The Tragedy of Professor Henry Gates

Posted by Larry Miller on July 27, 2009 under How | 3 Comments to Read

Listen to Henry Gates Jr. tell you in his own words about his views on race relations. Then you can judge for yourselves if his friend Barack Obama had good cause to assume he was an innocent victim of prejudiced police stupidity. Both 911 and police communication show no racial component to the discussions. Most of us would be happy police followed up on a break in report… particularly regarding our own homes.

Sure I might have been a bit annoyed after breaking my own door, but simply showing a photo ID would have ended the situation quickly… which would have been my goal so I could go about my business. However we tend to see situations through our own filters and expectations. Dr. Gates apparent expectation that Sgt. Crowley fit the profile of the head cracking racist cop from the bad old days just itching to bash his head with a nightstick. Which brings up the question of why he would continue to harass the officer after he had proven the home was his and no crime had been committed.

It seems rather odd that one would continue to harang someone, who in your mind, despised you and was carrying a gun, billy club and a badge. This does not make sense. However, as I’m sure many of Dr. Gates own ancestors experienced, there are times when disgust and hatred is so strong that it overrides common sense and the persons own welfare… to their own detriment. It’s just one more example of how hate can hurt the one doing the hating as much, if not more, than the object of the hatred.

In some ways, both Henry Gates Jr and his friend Barack Obama are tragic figures, locked into their own prejudices from the past and what they’ve learned that they cannot see that so many Americans have moved past the idea of looking first at the color of a man’s skin. While not fully realized, we have made great strides toward Martin Luther King Jr’s. goal of having people judged on the content of their character. But they are so locked up in the old model that they cannot see this.

Sure there are those who would hate both men based on their skin color, but they are part of a shrinking minority. Beside this, in my experience, the ones most likely to look down on someone for this reason are the ones who have the least reason to look down on anyone. It’s time we all give up the this kind of petty thinking… even those who wish the comfort of clinging to past hurts. We need to keep in mind the words of Dr. King who came through times when black churches were firebombed and white toughs would drive through black neighborhoods just looking for someone to beat up, when he told us “I have decided to stick with love. Hate is too great a burden to bear.”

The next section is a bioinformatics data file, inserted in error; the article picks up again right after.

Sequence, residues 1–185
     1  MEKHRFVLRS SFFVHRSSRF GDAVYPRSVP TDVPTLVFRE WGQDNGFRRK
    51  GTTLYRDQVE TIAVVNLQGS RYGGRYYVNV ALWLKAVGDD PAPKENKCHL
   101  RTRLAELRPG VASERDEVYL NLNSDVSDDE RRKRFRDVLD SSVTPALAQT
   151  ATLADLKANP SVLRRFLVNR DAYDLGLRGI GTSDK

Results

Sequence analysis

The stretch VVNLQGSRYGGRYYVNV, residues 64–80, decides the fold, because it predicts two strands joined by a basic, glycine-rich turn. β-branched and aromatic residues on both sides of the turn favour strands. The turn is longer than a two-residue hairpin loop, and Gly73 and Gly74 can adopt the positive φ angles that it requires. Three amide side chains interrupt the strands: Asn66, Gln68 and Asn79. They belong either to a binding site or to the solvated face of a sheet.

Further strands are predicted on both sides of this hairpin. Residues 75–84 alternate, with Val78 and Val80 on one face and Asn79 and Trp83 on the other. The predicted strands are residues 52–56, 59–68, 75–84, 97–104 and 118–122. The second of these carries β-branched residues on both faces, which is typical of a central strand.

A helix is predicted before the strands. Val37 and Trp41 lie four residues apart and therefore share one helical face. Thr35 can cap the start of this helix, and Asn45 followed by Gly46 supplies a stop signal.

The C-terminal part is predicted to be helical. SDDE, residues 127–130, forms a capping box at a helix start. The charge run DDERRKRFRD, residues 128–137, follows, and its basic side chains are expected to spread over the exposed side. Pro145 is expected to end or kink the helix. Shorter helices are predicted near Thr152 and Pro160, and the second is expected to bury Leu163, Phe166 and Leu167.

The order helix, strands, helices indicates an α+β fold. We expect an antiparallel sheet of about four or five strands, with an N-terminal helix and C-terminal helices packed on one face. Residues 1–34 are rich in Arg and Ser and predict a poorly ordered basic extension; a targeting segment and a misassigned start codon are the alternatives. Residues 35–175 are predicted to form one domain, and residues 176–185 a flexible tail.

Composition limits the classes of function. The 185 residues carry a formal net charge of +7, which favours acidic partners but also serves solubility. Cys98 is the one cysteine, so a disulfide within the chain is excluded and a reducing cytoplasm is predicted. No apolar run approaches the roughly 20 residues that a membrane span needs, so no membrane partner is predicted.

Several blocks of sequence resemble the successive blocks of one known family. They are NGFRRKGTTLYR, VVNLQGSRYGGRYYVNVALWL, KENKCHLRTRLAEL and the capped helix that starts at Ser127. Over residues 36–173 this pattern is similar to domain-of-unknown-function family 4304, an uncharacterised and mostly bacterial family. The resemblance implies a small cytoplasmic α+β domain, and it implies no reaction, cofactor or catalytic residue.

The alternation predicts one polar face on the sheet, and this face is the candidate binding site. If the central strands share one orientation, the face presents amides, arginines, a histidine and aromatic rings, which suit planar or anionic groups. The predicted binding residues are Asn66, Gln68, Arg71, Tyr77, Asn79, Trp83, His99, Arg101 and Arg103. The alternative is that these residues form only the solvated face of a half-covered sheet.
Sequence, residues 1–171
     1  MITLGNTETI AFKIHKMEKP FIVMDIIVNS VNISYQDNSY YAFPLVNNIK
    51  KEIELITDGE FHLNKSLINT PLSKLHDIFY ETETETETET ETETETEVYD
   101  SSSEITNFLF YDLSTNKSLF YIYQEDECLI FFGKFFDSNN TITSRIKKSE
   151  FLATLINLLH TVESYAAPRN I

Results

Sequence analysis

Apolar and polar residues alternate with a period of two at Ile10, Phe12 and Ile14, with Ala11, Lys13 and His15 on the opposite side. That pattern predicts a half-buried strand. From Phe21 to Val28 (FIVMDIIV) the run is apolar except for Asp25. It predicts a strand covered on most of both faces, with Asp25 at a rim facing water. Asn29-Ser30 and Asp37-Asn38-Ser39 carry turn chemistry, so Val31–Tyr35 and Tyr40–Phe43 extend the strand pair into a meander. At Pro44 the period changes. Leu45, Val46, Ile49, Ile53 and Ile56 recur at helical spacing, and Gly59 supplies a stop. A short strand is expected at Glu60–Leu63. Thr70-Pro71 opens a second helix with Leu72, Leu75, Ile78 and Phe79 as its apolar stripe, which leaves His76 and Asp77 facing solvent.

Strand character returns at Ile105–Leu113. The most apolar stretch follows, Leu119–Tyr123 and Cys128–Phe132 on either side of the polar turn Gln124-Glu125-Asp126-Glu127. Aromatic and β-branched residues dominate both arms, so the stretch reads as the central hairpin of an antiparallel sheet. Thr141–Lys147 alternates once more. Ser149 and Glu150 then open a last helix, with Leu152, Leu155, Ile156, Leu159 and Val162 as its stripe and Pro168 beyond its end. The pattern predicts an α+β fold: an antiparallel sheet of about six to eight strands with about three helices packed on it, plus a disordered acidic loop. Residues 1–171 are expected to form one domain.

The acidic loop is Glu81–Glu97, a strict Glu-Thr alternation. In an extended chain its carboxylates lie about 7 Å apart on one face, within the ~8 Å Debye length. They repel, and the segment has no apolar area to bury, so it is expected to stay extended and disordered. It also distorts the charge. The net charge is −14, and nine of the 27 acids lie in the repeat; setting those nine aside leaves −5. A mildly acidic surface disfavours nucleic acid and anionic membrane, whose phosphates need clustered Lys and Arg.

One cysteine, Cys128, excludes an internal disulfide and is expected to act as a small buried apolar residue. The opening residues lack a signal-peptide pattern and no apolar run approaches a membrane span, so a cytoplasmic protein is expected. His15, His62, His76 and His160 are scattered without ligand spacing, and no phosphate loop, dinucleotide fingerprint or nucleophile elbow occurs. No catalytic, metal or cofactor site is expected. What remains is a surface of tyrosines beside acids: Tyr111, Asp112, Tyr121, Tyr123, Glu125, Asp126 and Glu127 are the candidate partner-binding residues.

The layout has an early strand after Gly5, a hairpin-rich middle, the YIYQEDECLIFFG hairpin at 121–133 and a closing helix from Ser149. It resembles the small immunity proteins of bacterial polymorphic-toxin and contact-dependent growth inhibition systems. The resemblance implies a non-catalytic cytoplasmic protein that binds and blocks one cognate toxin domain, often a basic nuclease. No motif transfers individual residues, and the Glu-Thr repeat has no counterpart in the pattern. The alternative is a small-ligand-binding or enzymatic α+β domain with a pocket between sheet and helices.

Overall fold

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  • Nomad said,

    Now that more information is coming to light, it seems that this is a case of an educated man with a remarkably poor grade of emotional intelligence.

    What an embarrassment to himself and his friends in high places.

    Expert on race relations? Very scary indeed.

  • liberty activist said,

    Gates acted like an idiot, but the police man, though not racist, did violate his constitutional rights listed in the 4th amendment to the US Constitution:

    “The right of the people to be secure in their persons, houses, papers, and effects, against unreasonable searches and seizures, shall not be violated, and no Warrants shall issue, but upon probable cause, supported by Oath or affirmation, and particularly describing the place to be searched, and the persons or things to be seized.”

    The Supreme Court shas ruled that a home owner under the 4th amendment does not have to show the authorities their ID or drivers licence (papers please – as done in Nazi Germany).

    Also, the officer entered Gates home without a warrant as required by the 4th amendment.

    Gates being ugly or refusing to show ID while in his house does not give the police the probale cause they need to enter the home without a warrant or to even make an arrest.

    Gates though acting ugly and refusing to show ID was well within his constitutional rights to do so.

  • admin said,

    It would seem that the call reporting a break in would have given the officer probable cause. However since I was not there, you may be correct.

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